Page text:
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The last time I played D&D was about 10 years ago. Now I've decided to show it to my university friends, who have never played it before but are pretty excited. For that first game, nobody would go deep into learning the game's rules and all the details. So I was thinking of throwing a little demo-game by some fun traditional module I found.

What I need now is four to six ready-to-use character sheets of different races and classes, with all defined stats, skills, etc. so I can give it to them and explain the logic of the game step by step.

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up vote 7 down vote accepted

I'm kinda surprised you didn't get any more on point answers. There's vast repositories of NPCs online and actually most adventures in 3.5-land come with pregens.

Here's the d20 NPC Wiki, a big ol' source, as is the DM Tools site.

A lot of adventure publishers have one set or another of pregens free on their sites - for example, here's a set from Necromancer Games. There's a bunch of Pathfinder pregens; they had 3.5e pregens in the back of every 3.5 Adventure Path.

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If you're planning on running a campaign as a DM, even a short introductory campaign, I'd suggest you take the time to create the characters yourself, complete with background and general personality traits (don't get too specific with the personalities, as you want the players to feel comfortable putting their own spin on it).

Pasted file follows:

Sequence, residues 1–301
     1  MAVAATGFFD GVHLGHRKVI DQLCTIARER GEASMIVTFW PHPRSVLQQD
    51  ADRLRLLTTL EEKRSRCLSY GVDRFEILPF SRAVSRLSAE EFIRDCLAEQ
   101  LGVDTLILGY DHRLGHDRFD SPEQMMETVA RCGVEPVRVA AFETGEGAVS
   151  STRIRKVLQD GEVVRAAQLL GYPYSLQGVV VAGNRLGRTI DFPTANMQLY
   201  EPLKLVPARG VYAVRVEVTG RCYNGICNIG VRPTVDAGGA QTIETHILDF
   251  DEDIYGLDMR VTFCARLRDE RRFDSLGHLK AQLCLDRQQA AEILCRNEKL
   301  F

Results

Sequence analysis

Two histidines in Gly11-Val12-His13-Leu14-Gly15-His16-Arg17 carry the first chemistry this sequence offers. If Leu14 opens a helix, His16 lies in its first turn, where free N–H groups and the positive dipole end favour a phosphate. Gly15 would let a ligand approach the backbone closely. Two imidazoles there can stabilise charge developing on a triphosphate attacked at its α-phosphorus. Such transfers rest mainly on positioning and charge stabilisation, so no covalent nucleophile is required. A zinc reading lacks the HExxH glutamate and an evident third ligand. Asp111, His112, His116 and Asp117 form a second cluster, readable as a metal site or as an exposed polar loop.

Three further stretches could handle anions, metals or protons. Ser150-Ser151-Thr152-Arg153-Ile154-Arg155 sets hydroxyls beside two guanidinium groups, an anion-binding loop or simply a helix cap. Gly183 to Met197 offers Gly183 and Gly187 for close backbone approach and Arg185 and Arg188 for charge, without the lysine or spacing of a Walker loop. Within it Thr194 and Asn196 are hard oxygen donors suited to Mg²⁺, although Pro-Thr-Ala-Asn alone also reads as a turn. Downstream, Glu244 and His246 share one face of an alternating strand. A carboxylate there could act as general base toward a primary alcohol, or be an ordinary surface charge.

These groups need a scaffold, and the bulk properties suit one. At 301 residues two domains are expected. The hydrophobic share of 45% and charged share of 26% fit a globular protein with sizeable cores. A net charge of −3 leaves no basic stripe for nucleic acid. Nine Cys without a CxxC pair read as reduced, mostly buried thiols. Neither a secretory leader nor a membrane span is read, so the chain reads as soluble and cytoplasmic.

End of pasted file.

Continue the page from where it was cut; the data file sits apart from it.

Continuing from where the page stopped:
Make sure you have more characters than players, so that each player is more likely to find a character that they'll feel they can enjoy playing.

This way you'll be able to not only tailor your characters in such a way that you stand a better chance of making the game appealing to the new players right from the start, but you can also start thinking ahead of adventures and challenges that will be ideally suited to the skills, abilities, and personalities of the pre-generated characters.

The process of creating the characters, and, if applicable, leveling them up and equiping them in preparation for distribution to the players, will have the added benefit of helping you familiarize yourself with the changes to the game mechanics that are part of 3.5.

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The Dungeons & Dragons Basic Game is probably your best bet.

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Well, since I need only characters, that would be too much for me, but thank you for the link thou. – Maay Mar 28 '11 at 14:56

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